Bus benches and shelters are a matter of basic human dignity. The fact that someone taking the bus to work as a housekeeper or nursing aide can’t sit down or get out of the elements while waiting for transportation makes me feel sad and angry. The lack of benches and shelters is quite visible along South 13th Street with  groups of people stand along the street waiting for the bus.

Lincoln touts its innovation in transportation. We are testing a driverless shuttle. We have rental bikes. Lincoln also touts its use of green technology. We have a park bench/charging station powered and covered by a solar panel. Lincoln also touts its public art  which improves the quality of life in the city. I would like to see that same focus on innovation and aesthetics applied to improving the comfort and experience for riders of our public transportation system. This would raise the quality of life within the city of Lincoln.

The offices of Rehm, Bennett & Moore, which also sponsors the Trucker Lawyers website, are located in Lincoln and Omaha, Nebraska. Five attorneys represent plaintiffs in workers’ compensation, personal injury, employment and Social Security disability claims. The firm’s lawyers have combined experience of more than 95 years of practice representing injured workers and truck drivers in Nebraska, Iowa and other states with Nebraska and Iowa jurisdiction. The lawyers regularly represent hurt truck drivers and often sue Crete Carrier Corporation, K&B Trucking, Werner Enterprises, UPS, and FedEx. Lawyers in the firm hold licenses in Nebraska and Iowa and are active in groups such as the College of Workers’ Compensation Lawyers, Workers' Injury Law & Advocacy Group (WILG), American Association for Justice (AAJ), the Nebraska Association of Trial Attorneys (NATA), and the American Board of Trial Advocates (ABOTA). We have the knowledge, experience and toughness to win rightful compensation for people who have been injured or mistreated.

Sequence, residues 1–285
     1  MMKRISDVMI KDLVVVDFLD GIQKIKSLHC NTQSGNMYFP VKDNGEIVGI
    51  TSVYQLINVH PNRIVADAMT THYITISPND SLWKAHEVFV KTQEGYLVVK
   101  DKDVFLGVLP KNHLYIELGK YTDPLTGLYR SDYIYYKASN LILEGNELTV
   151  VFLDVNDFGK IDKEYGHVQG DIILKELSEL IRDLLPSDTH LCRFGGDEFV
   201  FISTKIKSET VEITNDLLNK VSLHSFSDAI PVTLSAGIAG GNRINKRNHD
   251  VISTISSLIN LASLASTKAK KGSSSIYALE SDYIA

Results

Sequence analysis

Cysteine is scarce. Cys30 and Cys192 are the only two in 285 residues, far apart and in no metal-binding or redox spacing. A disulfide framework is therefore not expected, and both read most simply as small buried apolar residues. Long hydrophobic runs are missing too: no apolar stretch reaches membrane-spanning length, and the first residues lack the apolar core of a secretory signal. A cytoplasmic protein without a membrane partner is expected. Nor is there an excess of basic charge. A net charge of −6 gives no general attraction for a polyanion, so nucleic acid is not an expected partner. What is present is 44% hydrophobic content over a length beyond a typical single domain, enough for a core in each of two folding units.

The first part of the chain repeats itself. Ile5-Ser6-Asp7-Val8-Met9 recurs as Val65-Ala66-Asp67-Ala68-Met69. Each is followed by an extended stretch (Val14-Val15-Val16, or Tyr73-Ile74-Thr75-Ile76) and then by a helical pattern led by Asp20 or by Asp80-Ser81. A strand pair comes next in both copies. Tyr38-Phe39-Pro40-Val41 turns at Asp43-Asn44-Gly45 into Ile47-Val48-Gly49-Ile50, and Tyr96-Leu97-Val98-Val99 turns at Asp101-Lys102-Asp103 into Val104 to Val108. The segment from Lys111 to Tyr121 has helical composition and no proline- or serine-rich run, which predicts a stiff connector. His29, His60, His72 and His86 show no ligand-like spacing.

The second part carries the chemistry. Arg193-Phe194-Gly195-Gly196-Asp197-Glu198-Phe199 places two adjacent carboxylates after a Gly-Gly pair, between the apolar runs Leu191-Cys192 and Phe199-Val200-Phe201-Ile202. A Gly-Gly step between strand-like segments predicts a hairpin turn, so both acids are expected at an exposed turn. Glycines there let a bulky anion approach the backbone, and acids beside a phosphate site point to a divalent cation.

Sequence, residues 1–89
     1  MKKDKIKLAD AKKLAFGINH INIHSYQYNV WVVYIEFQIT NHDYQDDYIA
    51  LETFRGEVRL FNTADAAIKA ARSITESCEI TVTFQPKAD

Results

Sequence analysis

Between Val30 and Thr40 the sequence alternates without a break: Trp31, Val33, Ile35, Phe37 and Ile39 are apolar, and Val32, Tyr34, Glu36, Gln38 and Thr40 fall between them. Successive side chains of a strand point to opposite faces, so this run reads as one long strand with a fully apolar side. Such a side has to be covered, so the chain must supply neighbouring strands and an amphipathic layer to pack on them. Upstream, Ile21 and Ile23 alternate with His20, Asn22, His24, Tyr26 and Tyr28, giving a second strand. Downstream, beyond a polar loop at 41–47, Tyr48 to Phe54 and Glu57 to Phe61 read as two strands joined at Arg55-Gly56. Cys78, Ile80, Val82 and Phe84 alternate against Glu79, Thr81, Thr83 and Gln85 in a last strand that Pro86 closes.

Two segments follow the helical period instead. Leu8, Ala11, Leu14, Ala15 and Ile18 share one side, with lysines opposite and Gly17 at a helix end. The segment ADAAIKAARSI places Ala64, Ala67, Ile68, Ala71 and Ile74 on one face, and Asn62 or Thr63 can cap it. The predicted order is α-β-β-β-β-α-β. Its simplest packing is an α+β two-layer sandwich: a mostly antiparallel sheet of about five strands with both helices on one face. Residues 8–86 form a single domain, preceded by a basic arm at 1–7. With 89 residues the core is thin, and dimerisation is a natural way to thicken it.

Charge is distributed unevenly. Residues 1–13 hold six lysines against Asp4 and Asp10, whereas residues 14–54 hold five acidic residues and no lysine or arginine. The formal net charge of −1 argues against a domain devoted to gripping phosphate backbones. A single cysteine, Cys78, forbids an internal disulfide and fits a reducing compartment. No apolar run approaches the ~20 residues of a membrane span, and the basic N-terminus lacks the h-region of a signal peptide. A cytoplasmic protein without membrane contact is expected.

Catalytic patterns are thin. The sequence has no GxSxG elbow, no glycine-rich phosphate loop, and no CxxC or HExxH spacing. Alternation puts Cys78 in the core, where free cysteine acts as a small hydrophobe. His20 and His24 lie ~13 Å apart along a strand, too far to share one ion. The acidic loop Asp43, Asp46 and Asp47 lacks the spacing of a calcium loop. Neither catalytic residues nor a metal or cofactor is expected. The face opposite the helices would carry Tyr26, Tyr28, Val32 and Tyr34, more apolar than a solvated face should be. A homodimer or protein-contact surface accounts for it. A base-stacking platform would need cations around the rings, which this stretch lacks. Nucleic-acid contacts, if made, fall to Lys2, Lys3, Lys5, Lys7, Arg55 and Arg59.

This entry was posted in City Council, Lincoln and tagged , , .